25 March, 2011

This week at our house...

Here's a little bit of what we've been up to this week:

We are loving our Latin Primer lessons. On Monday we had a "pre-test" to see what we all needed to work on, and today we took our first Latin test - with pretty good results.

We continued with Story of the World, Volume 3: Early Modern Times. This week we learned about the Turkish attempted invasion of Austria, and how the Turks used tunnelling to try to get through to Vienna. The Viennese were warned to report any strange "tunnelling sounds" coming from underground. It was a clever baker who heard the sounds and alerted the German soldiers. The Turks were driven back via their own tunnels!

Legend has it that the Viennese bakers invented croissants in honour of their defeat of the Turks. The crescent shape on the Turkish flag had inspired the shape of the croissants! We also learned that the Turkish sultan at the time loved tulips. He had tulip bulbs sent from Holland and planted a huge tulip garden complete with streams filled with turtles carrying candles on their backs.

Our big girls, Bethany (12) and Emily (11) signed up for brass instrument lessons! Bethany will be learning to play the Tenor Horn, and Emily the Cornet. It was interesting how the tutor looked at the shape of the girls' mouths and teeth to decide which instrument would suit them best.

Instead of our usual art/nature study get together with friends, we decided to take a day to visit the Esplanade, which is a beautiful park near the bank of a river in our nearest city, Palmerston North. We enjoyed checking out the bird aviary, the greenhouse, and of course, playing on the swings and slides!

A Wild Banana plant. Don't those flowers look like parrots' beaks!

09 March, 2011

Education in the Industrial World

I have just read a VERY interesting post on education in our industrialised and increasingly, computerized world. It is long, but well worth reading for anyone concerned about the future of education and job opportunities.

07 March, 2011

Working on an Atmosphere

Charlotte Mason says that "Education is an atmosphere, a discipline, a life."
An "Atmosphere...."

At first thought the word "atmosphere" conjures up pictures of the physical atmosphere of our home: Lots of living books on the shelves, artwork displayed on the walls, room to play and create, paper to draw on, toys for miles (lol!)...

But after reading Charlotte Mason's own words in her book, "Home Education", I realized that she meant much more, or even much different, to that image. Charlotte was talking about the atmosphere of relationships within the home. She was talking about how we as a family relate to eachother. What is the spiritual or emotional atmosphere in the home? Are the fruits of the spirit living and active, or are we harsh and critical of one another? Are our children respected as persons, born in the image of God, or are they treated like annoyances, or interruptions to our own selfish lives? Is the atmosphere one of encouragement, or harsh criticism? Are we patient with our children's childish faults, or do we constantly nag & berate them? Do we give them attention when they ask us a question, or do we give the quickest possible answer and tell them to go away so that we can get on with our "work"? What are we filling their minds with? Are we reading to them from good, living books or are we leaving them to be educated by the t.v. or video games?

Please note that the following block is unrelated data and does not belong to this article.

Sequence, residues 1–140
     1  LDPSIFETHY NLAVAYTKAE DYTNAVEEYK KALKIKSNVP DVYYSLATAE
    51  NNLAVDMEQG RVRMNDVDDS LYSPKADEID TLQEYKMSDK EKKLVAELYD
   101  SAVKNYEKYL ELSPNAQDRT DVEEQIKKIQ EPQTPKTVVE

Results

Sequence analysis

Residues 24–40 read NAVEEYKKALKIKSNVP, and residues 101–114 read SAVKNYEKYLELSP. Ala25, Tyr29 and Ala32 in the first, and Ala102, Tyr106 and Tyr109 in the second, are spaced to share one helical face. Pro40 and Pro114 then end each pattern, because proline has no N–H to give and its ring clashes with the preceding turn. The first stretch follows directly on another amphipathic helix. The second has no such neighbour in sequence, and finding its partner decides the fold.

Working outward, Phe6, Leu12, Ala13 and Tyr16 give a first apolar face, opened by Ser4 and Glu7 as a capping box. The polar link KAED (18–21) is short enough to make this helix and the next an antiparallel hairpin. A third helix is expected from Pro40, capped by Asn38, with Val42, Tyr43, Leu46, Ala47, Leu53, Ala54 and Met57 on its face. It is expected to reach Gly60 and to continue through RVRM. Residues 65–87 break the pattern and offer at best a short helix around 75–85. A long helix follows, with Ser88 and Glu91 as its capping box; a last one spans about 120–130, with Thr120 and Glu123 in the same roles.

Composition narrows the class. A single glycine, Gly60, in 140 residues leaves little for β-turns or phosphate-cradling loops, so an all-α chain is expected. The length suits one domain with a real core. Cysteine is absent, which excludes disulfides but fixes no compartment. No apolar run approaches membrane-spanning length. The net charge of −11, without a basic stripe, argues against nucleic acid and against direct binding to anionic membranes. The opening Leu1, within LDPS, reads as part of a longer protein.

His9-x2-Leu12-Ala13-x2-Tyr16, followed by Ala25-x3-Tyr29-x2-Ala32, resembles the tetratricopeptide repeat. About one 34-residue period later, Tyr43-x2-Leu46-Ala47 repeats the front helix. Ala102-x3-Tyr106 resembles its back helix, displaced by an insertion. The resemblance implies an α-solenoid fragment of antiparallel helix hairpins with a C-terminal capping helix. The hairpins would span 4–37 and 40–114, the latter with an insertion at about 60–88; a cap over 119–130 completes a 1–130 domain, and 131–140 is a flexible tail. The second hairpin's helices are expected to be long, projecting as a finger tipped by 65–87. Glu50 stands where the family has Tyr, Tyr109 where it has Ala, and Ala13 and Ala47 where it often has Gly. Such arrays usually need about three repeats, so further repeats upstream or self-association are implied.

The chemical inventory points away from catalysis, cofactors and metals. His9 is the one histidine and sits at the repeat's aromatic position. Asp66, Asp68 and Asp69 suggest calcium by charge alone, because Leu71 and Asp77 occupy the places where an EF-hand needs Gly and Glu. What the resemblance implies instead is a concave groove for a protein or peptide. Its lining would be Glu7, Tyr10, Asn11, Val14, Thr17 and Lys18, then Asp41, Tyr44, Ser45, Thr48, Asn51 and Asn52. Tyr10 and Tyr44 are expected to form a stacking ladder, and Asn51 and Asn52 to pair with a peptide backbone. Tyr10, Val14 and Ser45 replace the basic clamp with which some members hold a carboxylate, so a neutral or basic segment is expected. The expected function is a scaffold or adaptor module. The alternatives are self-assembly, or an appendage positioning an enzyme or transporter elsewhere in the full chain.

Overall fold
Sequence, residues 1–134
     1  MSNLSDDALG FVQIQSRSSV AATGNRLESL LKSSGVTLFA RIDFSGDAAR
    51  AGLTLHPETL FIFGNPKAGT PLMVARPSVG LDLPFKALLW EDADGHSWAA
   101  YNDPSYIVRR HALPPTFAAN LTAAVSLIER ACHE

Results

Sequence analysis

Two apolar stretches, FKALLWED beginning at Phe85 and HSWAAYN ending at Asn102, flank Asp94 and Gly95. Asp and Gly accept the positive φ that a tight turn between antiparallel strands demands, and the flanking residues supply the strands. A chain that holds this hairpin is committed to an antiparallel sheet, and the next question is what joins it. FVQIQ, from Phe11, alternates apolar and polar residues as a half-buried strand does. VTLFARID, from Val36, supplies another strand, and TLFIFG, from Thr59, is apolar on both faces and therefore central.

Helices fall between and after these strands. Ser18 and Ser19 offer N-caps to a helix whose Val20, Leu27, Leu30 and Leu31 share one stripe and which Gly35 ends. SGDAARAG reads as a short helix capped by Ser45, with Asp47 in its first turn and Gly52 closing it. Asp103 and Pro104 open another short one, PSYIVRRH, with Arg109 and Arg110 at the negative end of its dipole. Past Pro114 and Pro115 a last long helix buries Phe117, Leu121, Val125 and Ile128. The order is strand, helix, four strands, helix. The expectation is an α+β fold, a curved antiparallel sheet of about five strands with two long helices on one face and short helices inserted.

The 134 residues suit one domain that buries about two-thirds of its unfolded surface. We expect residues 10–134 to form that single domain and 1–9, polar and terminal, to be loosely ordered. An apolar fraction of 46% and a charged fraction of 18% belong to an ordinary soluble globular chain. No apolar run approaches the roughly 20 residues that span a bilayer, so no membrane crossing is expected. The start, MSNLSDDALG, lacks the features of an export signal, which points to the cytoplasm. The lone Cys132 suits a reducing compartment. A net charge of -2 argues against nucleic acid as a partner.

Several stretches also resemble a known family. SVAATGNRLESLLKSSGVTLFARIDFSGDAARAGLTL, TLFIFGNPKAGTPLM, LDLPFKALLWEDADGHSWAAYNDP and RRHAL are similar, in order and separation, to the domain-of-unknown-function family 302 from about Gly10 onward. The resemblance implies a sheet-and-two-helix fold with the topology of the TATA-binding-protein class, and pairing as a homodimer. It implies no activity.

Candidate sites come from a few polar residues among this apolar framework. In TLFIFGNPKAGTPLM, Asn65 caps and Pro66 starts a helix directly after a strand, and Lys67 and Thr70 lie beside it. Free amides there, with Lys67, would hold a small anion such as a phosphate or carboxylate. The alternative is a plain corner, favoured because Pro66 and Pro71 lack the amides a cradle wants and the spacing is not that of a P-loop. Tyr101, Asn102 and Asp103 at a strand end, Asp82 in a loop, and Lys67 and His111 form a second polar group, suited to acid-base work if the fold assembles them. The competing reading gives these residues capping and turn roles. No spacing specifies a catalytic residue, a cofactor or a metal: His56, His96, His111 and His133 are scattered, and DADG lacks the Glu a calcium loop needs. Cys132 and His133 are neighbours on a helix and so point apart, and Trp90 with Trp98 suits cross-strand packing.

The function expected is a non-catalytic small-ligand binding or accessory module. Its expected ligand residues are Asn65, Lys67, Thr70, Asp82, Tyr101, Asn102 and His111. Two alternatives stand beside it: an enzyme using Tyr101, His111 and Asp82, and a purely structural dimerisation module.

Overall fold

There are so many questions that we need to ask ourselves about the atmosphere of our home. We certainly need to work on many of these!

In her book, "For the Family's Sake", Susan Schaeffer Macauley has a chapter called "Taking Time and Care to Create the Home's Atmosphere."

Susan talks about the fruits of the spirit in Galatians 5:22-23 as being the standard for the atmosphere of our home. Of course, none of us can develop these in our own strength. We need to be reading God's Word and praying for wisdom, grace and strength to develop the fruits of the spirit in our own lives. We need to be filling our minds with "good things" -- "whatever is true, whatever is noble, watever is right, whatever is pure, whatever is lovely, whatever is admirable--if anything is excellent or praiseworthy--think about such things." (Philippians 4:8)

Whatever we are surrounding our children with will affect who they are. I want to use those two passages as the standard for the atmosphere in our home -- only by God's grace :-)

All the while, remembering that none of us is perfect, so we also need to make sure that forgiveness plays a big part in our home atmosphere, readily admitting our wrongs and just as readily extending forgiveness to one another.
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